Sue Wells – The New Canterbury Tales

September 25, 2011

Pouring pints for Penguins #eqnz #rwc2011 #chch

Filed under: Uncategorized — Sue Wells @ 9:58 pm
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We have spent some time at the weekends in Dunedin lately, the closest venue for the Rugby World Cup 2011. As there is no volunteering here in Christchurch, it seemed appropriate to head south and help out there. I haven’t been to a game and I’m not planning to. Being part of the service team is much more fun.

My sister and her family have been very kind and put us up, late night arrivals and stupidly early departures. Friends of ours own bars in New Zealand’s most Scottish city. It’s been all hands to the pump, literally in my case. Kim has dishpan hands and I have RSI from opening bottles of beer.

We had a good giggle on Saturday. Radio Live rang the bar I was helping in, asking for a staff member to give them a quick description of the atmosphere in the Octagon. The phone was thrust my way. I felt a twinge of disloyalty to my beautiful city as I described the crowds and the fun and the buzz that Dunedin was enjoying – that soon passed as yet another swarm of Barmy Army supporters descended on the bar.

They’re such well behaved lovely people, the rugby crowd. For by far the most part they drink sensibly, they have designated drivers or they walk, and they’re here to enjoy the company and the beauty of New Zealand.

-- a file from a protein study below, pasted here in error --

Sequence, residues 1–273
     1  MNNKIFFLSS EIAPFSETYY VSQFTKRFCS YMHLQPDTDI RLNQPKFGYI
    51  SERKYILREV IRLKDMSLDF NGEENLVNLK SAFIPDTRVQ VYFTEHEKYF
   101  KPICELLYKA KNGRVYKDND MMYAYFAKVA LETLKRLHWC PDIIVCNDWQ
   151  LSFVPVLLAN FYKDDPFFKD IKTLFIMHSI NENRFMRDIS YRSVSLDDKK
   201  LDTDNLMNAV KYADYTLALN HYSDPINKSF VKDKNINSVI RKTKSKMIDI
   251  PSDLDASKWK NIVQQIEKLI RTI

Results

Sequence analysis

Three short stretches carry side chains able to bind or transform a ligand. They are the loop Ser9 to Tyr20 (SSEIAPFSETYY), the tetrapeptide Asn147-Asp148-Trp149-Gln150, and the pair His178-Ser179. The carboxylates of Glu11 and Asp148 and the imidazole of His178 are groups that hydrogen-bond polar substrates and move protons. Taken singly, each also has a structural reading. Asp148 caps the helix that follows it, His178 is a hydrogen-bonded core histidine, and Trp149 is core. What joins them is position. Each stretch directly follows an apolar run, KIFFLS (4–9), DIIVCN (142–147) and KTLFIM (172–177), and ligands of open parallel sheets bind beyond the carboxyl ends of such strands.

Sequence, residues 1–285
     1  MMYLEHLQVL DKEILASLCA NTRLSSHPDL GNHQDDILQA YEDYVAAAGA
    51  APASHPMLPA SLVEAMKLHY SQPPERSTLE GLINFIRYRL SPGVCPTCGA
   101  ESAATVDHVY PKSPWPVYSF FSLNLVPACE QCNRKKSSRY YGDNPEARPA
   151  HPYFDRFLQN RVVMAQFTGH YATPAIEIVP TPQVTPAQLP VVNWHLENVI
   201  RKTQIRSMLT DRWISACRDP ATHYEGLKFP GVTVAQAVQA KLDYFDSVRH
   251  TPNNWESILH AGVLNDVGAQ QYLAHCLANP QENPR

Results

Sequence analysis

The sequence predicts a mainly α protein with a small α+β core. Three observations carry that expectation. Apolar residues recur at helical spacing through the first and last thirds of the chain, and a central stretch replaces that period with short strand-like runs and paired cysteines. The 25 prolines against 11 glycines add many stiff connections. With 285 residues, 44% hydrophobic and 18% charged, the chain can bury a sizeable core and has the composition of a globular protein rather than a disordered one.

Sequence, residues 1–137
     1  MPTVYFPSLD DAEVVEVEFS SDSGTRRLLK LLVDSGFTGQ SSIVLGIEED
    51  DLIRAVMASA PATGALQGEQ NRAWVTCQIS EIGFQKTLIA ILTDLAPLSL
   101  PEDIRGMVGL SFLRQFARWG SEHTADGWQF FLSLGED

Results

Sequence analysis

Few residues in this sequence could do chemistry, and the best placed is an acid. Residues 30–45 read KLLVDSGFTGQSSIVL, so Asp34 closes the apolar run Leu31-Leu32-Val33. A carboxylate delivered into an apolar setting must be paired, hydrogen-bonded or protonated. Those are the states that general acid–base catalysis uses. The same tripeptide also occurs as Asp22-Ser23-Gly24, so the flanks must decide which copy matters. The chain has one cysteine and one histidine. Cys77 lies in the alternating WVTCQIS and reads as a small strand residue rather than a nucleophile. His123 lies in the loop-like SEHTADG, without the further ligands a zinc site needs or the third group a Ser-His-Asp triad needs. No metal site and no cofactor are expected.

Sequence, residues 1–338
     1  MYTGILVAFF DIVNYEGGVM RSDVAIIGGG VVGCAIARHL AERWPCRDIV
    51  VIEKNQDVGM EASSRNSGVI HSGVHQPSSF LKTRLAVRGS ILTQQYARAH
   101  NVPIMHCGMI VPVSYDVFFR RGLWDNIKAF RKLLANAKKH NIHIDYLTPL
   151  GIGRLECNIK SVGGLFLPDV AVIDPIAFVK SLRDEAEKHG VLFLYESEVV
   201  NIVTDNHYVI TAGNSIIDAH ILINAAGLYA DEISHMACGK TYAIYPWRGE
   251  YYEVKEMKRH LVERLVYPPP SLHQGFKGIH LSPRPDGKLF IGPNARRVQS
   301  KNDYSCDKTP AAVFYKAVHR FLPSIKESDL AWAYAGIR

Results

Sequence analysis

During the buildup on Saturday I served any number of chain mail clad knights. As the evening wore on, I poured pints for penguins and a giant green flower with a very broad Geordie accent. A passing troupe of Vampires and the occasional HRH brightened the throng.

The weather was vile yesterday – cold and raining. Dunedin’s lovely lidded stadium is clearly worth its weight in gold in terms of keeping the crowd from getting wet, but it’s still no butterfly house, only a couple of degrees warmer than it is outside. Lots of polarfleece and puffer jackets in black were the order of the day – England’s away strip is a good sneaky camo colour for further into the tournament, methinks.

We left to come home as dawn broke this morning. Driving over the Kilmog, the light on the hills was so clear and beautiful they looked like they were shouting “Ta-Da!” The alps were dusted with fresh snow, the lambs were springing – it was the green and pleasant land my befreckled forbears must have dreamed of in their darkest moments.

I wished that the crowds enjoying our beautiful southern city had also had the chance to see our national game played in our own little piece of paradise. The blossoms are so gorgeous at the moment, the Botanic Gardens so lovely, and our untouched hills are just aching for a hammering. It’s a great time of year to be a Mainlander.

This week I’m in tidy up mode. I have some business to sort out before the onslaught next week of the Central City Plan hearings and deliberations. We have 7000 (that’s seven thousand) submissions on the document, 500 submitters wishing to speak in person. We will be doing 11 hour days as of next Monday until the job is done, and then deliberations hard on the heels of that. October is going to be a massive month, and not just for the All Blacks.

So this week I’m stopping to smell the daphne, smile at the daffodils, enjoy the sunshine and the blue skies, spend time with family and friends as much as I can. They’re the things that make life worth living, in Christchurch – a place that’s still very much worth living in.


Barmy Army, Rugby World Cup 2011



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